Improved AFM Manipulation of Nano-Objects




In traditional atomic force microscope (AFM) based nano-manipulation systems, a cantilever is used as the probe tip to manipulate nano-sized objects. Because of the need for good contact with the object, a "pre-loaded" force must be exerted by the cantilever on the object, making it difficult for an operator to "feel" the object or to adjust and control the force on the object, thereby making it harder to effectively manipulate.


Description of Technology


The sensor in this invention is a cantilever silicon beam with a piezoelectric film deposited in several segments on both sides. The result is a flexible structure with improved ability to manipulate nano-objects. This technology uses an offsetting piezoelectric voltage to keep the cantilever fully extended during the active operation. This makes the tip response faster, increases the imaging speed, and improves the imaging quality. An augmented reality environment is developed in the computer controlling the operation of the sensor, which is installed with a haptic device. By keeping the sensor straight during its sensing of a given substrate surface, it reduces the friction between the sensor tip and the substrate. As a result, the operators can more sensitively feel the force on the sensor caused by contact with nano-objects, thus allowing more reliable real-time manipulation.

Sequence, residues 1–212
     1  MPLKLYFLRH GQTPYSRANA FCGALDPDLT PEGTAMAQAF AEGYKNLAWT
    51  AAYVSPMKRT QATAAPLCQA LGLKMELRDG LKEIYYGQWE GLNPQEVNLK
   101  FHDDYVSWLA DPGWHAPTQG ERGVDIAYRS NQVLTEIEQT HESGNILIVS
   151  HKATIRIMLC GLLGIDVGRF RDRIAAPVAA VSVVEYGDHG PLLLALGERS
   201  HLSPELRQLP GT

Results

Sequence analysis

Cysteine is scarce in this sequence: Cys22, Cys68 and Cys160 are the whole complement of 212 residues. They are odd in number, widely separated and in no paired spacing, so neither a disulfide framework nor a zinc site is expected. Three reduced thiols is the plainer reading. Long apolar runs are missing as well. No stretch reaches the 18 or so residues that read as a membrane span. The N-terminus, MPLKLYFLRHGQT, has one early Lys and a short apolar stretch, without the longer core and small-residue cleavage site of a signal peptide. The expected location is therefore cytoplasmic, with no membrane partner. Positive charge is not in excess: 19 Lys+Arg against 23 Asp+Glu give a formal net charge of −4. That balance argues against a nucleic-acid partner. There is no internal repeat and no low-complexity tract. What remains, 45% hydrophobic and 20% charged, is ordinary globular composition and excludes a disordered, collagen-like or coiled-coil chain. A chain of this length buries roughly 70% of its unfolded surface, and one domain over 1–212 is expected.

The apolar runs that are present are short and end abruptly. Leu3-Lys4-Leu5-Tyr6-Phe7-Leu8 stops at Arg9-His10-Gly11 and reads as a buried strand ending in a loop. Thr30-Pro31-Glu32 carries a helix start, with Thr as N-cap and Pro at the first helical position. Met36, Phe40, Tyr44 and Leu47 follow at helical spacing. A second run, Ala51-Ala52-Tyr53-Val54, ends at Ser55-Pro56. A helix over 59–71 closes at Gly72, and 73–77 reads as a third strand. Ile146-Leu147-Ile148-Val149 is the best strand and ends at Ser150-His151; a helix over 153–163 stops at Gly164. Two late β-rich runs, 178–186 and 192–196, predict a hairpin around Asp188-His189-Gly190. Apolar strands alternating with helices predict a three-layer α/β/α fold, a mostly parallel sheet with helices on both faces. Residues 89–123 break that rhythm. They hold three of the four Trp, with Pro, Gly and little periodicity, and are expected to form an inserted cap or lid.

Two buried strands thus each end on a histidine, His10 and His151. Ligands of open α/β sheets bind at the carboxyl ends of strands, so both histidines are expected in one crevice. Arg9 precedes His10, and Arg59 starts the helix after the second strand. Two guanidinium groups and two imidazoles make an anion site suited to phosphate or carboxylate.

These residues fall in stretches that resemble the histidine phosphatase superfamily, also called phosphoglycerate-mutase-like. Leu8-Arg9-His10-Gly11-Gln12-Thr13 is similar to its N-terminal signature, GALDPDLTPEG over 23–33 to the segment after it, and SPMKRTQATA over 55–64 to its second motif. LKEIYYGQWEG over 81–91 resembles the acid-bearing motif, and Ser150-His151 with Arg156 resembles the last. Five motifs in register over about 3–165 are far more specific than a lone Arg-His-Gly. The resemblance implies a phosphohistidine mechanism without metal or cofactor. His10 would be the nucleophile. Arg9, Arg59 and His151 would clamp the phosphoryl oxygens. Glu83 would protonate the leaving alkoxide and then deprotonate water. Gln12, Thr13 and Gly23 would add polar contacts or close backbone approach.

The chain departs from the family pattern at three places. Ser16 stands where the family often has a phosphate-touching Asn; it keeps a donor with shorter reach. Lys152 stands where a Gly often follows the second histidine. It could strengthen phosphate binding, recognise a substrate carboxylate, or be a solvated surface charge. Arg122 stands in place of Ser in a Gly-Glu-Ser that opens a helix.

Key Benefits

  • Improved nano-sensing: The fully extended cantilever has decreased friction with substrate surfaces, improving sensing and imaging of nano-objects. 
  • Improved nano-manipulation: The combination of haptic feedback with the fully extended cantilever improves the ability to manipulate nano-objects. 
  • Future manufacture of micro-devices: By improving the ability of an operator to sense the force on an object and manipulate it, this technology has promise for the future development of automated manufacturing processes for batch assembly of micro-devices.




Improved nano-manipulators on atomic force microscope (AFM) probe tips. Other potential applications include: nanoassembly of nanoelectromechanical systems (NEMS), investigation of biological processes at the molecular level, and characterization of various properties of novel materials and structures at the nanoscale.


Patent Status


US 7406859 (issued Aug 5, 2008)
US 2006/0225490 A1 (filed April 6, 2006)




Ning Xi, Jiangbo Zhang, Guangyong Li


Tech ID




Patent Information:

For Information, Contact:

Raymond Devito
Technology Manager
Michigan State University